On Instagram I follow a heavy set tabby with the moniker Larry the Security Cat who is a rescue living in a thriftstore called BLUvintage in Delaware. I only recently realized he has a broken paw which has healed quite crooked and is evidence that he had a rough early life on the street. It would appear that his duties these days are light – largely confined to pets, chin rubs and posing with strangers. He posts frequently and has over 7,200 followers. I found him via a mention in the New York Times. It seems like the right amount of genteel work for this fellow and a good trade-off to end a hard life on the street.

Meanwhile, our friend Rags appears to have gone onto star in his own book, Kittens and Cats in 1911. It is my hope the residuals were enough for him to retire on at that point.

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Cookie, posing in her best Rags imitation yesterday, and on Blackie’s cushion, which she stole.

 

Today a shout out to fellow feline blogger Historical Felines for their post on Rags which helped inform today’s post and can be found in its entirety at Aristocat!

 

Fine Tuning: Country Music

Pam’s Pictorama Post: I arrived home from a concert last night (more about that in a minute) and discovered that our scanner had died on Kim. As this will inhibit photo reproduction somewhat in the near future, please bear with me while I take the opportunity to meander down a path and bring those of you who follow the personal aspects of my life up-to-speed.

Last week I hit the two year mark at Jazz at Lincoln Center. Since it also happened to be our Gala I didn’t really have the bandwidth to pay much attention to the fact – nothing like more than 600 people for dinner and a concert to distract you. Subsequent to that I was knocked low by a stomach virus which only left me considering whether or not to head to the ER or if urgent care would do. Mostly recovered with the help of time and the miracles of medicine, last night I attended a concert featuring highlights of Ken Burns’s upcoming documentary on country music (to air on PBS in mid-September) paired with our Jazz at Lincoln Center orchestra which I had been looking forward to and I was pleased not to be denied the pleasure of it.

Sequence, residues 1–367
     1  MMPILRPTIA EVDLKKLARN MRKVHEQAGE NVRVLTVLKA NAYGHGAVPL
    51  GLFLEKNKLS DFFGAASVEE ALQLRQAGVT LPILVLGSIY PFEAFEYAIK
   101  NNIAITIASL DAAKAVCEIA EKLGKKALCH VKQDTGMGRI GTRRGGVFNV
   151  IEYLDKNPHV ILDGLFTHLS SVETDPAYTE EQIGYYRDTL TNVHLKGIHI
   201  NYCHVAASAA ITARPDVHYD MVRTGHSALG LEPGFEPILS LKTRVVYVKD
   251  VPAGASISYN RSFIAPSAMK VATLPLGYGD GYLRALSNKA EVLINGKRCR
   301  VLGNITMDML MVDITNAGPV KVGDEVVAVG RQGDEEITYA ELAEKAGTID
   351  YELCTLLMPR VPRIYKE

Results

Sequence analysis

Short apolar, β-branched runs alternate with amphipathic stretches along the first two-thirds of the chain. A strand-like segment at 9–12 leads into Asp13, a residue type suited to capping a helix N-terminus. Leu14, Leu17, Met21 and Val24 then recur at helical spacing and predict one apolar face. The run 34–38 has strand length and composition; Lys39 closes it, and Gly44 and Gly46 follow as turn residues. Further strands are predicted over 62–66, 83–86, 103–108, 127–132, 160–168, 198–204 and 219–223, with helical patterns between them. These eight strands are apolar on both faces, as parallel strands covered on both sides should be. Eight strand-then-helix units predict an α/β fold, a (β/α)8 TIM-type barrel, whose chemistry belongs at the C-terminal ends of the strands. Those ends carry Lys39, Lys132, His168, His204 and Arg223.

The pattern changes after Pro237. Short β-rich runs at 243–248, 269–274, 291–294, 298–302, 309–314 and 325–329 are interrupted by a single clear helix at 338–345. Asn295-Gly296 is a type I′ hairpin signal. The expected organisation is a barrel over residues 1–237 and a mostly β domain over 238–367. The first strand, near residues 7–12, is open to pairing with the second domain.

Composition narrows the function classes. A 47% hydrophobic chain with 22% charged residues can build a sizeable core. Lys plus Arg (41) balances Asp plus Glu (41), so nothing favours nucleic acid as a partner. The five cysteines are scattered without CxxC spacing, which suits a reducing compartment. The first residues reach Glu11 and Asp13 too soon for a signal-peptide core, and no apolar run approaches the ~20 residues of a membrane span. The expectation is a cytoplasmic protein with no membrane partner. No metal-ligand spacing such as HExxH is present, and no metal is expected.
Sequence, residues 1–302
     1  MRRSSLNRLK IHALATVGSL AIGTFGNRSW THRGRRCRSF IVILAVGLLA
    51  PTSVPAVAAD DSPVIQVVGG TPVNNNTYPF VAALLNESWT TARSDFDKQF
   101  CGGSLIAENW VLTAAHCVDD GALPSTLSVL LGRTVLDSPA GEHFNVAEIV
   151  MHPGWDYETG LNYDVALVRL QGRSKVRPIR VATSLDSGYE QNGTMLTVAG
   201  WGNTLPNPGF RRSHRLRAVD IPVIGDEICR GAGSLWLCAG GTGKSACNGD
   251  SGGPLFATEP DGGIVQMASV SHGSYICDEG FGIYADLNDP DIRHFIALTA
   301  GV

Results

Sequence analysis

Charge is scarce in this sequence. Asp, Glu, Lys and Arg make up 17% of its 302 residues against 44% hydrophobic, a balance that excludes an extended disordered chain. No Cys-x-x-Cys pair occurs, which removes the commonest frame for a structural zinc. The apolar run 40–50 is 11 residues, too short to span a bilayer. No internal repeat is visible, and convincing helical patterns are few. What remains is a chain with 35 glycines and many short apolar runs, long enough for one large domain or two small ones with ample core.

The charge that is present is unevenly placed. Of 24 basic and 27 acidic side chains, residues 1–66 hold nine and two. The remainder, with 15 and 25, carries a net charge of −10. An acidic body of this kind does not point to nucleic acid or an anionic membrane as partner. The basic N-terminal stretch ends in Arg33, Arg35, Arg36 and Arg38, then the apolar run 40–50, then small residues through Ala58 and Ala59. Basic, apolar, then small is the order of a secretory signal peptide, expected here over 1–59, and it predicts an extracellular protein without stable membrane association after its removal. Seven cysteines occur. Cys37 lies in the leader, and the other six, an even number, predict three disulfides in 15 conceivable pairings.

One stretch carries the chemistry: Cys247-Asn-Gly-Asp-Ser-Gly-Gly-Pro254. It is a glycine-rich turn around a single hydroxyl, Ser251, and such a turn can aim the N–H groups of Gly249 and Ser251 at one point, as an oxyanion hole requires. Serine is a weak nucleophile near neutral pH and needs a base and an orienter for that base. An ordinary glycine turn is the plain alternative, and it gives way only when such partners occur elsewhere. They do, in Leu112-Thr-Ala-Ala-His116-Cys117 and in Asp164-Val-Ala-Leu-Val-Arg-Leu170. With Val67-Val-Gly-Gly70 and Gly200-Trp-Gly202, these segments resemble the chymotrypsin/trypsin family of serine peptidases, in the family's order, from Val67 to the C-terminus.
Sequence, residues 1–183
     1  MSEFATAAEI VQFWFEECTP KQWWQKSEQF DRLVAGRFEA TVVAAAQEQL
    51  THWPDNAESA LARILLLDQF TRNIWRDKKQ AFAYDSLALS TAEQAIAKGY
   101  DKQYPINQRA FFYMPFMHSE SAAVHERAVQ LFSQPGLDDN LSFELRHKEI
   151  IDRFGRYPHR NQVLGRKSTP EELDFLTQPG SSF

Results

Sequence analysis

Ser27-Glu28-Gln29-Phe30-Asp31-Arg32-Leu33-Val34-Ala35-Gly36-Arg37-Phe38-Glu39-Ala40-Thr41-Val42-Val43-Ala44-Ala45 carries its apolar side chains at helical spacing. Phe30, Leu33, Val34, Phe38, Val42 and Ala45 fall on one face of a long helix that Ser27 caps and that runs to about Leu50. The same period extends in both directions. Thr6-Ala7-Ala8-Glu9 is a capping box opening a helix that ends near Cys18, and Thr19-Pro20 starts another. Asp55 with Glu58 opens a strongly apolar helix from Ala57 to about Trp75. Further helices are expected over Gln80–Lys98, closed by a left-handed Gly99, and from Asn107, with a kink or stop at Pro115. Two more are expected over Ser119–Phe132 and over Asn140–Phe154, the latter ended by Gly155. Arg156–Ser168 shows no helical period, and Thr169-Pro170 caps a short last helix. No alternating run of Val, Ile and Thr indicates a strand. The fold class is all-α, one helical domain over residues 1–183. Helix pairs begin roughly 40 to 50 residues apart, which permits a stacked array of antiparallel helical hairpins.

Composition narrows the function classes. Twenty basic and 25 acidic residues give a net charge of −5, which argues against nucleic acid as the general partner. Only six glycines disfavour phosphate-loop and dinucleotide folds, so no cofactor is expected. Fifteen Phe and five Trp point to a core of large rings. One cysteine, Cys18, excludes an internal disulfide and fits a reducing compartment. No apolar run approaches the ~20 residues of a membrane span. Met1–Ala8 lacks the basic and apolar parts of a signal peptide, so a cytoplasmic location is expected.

I will begin by stating that I know almost nothing really about country music. Unlike Kim’s family, my folks didn’t listen to a lot of music, but they did have a handful of folk music albums and as I stumbled into nascent consciousness about music I gravitated for a bit in that direction. My father had worked on a documentary for ABC News on Woody Guthrie and for some reason the soundtrack had to be recorded on our home stereo (resulting in a day of tip toeing around the house, interesting equipment and strange people for small child Pam which I still remember) and a pile of those albums remained with us. (Meanwhile, my mother was a fan of Joan Baez and the sound of her singing takes me immediately back to my childhood in a way few things can.)

As I poked and stumbled through what appealed to me musically I found my way to people like Jimmie Rodgers. (Blue Yodel No. 9 was featured in the concert last night with Wynton on the trumpet doing the Louis Armstrong part and Marty Stuart on guitar and vocal as Jimmie Rodgers. The 1930 recording of Rodgers and Armstrong found here via Youtube.) I liked the stories and the music stayed with me, but I didn’t have access to a lot of it and my musical attention, such as it was, strayed. I eventually found radio stations that played jazz and suddenly I was getting warmer. Some of you already know that in college I stumbled across early popular music genius Rich Conaty (memorialized fondly in a post here) who introduced me to the broader music of the 1920’s and 30’s that ultimately became the mainstay of my music diet.